It was a two- or three-month process. As for who wrote what, Hank and I claimed the ones we love the most first and then sent the list out to the writers who asked for their favorites and we divvied the rest out.
What was the most challenging part of compiling such a feature?
Kory: Setting the parameters of what is and what is not metal and then just dealing with the fact that 100 is a very small number. There are so many albums I wish we could have put on that just missed the cut.
Hank: Yeah, we had endless discussions about bands like AC/DC, Guns N’ Roses, Kiss and Van Halen. To be clear, by excluding some of these artists, we’re not trying to slight them or downplay their importance to the larger world of music that surrounds and feeds into metal; we were really just trying to get at what we felt was some essential spirit of metal that is very present in, say, Sabbath from the get-go and maybe less so in AC/DC. Where any listener draws that line is obviously a totally subjective thing – all we tried to do was decide on parameters that made sense to us and abide by them.
Out of all the albums included, some might take the biggest issue with Evanescence’s Fallen being included. Were there any strong objections from any of the writers about including this (and if so, what arguments were made in favor of its inclusion)? Were you afraid of any backlash from including this album?
Kory: I’ve seen the most outrage over that and Avenged Sevenfold, which to be fair, are Numbers 99 and 100. I wonder if people would be so upset if they were ranked higher and if LPs with a little more street cred were in those positions. Whatever. People who are unhappy need to understand that there’s a whole world of metal beyond their iTunes playlists. Evanescence’s Fallen is a favorite album for a lot people who may not like Emperor and Lamb of God, but that doesn’t make it less worthy. Also, perhaps people who are upset ought to read the blurb to see why it’s included on the list. None of our writers complained about including it; if they were unhappy, they kept it to themselves. Brittany Spanos, who wrote it, did a bang-up job, I should add. As for being afraid of backlash, no. I expected it. I knew it would be the one people would react to most. As the list’s intro says, metalheads are passionate people – they will fight about what is and what is not the best metal to the death. It’s great. Bring on the debate!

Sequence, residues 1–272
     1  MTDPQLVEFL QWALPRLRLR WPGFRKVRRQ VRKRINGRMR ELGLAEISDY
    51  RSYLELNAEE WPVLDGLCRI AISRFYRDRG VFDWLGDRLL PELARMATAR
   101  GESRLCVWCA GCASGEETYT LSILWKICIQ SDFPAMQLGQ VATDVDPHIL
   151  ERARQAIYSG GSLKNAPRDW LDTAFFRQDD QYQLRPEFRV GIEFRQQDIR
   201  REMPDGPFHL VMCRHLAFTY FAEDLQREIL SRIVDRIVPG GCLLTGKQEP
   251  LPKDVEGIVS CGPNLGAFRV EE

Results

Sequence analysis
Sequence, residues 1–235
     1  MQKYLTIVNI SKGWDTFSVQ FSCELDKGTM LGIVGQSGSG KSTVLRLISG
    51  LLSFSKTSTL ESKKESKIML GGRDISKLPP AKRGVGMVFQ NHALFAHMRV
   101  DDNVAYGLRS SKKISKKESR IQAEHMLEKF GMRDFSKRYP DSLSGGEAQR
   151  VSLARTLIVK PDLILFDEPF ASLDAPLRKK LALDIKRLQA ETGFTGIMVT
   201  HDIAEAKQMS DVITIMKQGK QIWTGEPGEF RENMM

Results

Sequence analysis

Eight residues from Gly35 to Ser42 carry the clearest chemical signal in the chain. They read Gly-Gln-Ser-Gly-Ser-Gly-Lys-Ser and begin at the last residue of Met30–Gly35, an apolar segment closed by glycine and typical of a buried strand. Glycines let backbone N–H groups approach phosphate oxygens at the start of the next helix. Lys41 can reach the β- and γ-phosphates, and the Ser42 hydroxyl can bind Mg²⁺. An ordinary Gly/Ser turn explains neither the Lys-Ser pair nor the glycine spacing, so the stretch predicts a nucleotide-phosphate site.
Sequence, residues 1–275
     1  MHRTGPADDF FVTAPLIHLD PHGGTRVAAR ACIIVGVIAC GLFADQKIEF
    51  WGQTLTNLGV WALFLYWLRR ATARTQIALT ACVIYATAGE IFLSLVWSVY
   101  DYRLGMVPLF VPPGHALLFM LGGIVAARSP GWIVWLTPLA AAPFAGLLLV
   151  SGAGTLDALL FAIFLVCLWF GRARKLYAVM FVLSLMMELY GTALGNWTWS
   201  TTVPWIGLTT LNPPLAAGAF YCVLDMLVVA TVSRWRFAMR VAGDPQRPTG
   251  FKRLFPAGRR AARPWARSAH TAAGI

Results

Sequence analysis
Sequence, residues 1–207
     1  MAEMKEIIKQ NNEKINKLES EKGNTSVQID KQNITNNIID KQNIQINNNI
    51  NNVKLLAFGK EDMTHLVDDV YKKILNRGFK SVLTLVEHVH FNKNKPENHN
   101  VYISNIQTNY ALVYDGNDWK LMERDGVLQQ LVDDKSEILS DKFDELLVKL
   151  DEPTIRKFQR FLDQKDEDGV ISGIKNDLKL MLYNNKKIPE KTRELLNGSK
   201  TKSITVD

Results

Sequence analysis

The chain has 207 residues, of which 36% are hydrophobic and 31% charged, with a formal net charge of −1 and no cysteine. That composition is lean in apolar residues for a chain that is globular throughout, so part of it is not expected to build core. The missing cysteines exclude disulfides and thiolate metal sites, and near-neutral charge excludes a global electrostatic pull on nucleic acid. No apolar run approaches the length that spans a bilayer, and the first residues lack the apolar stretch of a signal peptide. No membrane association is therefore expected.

Hank: Getting away from Evanescence, Avenged and so on for a sec, I would add that the mainstream/underground divide in metal has widened to an almost absurd degree in the past five or 10 years. Nowadays it’s very common for super-underground stuff to be praised unequivocally online while super-mainstream stuff just gets sort of waved off and disregarded. As a listener, I’m just as passionate about big bands like Metallica, Mastodon, Tool and Iron Maiden as I am about resolutely obscure/extreme/avant-garde artists like Portal, Revenge, Krallice, etc. (It’s been this way for me since the early ’90s, when my regular listening diet included Deicide, Disincarnate and Dazzling Killmen, as well as Megadeth, Rush, Danzig and Stone Temple Pilots.)
In general, in discussions surrounding metal, I’d like to see a little more focus on quality and a little less focus on scene politics and audience size. There are tons of big bands that are great and tons of small bands that are terrible, and vice versa, and it grows a little tiresome when I feel like lines are being drawn based on totally arbitrary factors. I’m just looking for good music, and if I’m not the world’s biggest Evanescence fan, I can absolutely see why they’re significant to the development of metal in the past 15 years or so. To get back to the RS list, one thing I’m proud of is that it covers a very wide spectrum and really tries to highlight the best, most impactful albums from each scene, style, period, etc.